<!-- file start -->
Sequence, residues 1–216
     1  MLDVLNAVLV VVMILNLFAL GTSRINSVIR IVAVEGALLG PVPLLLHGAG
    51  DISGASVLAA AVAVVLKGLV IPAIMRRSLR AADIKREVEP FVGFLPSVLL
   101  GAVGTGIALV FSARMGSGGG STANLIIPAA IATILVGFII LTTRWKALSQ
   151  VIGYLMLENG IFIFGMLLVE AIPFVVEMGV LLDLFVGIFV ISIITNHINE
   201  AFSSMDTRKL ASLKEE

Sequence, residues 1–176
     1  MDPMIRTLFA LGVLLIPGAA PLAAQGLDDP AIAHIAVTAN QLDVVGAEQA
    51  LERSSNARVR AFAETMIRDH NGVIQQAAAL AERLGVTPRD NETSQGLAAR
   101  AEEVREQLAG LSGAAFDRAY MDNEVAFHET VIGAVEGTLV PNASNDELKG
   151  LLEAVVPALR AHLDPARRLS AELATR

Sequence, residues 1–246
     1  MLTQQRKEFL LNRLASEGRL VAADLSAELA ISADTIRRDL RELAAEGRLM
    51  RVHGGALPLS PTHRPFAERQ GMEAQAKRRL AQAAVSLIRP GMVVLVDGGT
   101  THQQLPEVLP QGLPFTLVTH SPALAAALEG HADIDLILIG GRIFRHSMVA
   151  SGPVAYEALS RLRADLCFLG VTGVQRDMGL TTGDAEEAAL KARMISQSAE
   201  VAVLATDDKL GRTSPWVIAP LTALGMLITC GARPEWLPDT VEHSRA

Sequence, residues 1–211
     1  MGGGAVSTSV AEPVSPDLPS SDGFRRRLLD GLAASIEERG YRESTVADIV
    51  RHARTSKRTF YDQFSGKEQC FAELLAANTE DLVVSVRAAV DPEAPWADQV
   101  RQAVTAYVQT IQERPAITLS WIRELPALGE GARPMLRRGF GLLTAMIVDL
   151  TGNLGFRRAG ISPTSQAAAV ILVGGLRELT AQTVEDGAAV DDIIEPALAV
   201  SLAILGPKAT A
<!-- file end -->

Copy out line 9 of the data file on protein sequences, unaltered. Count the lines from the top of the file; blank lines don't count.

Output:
    51  LERSSNARVR AFAETMIRDH NGVIQQAAAL AERLGVTPRD NETSQGLAAR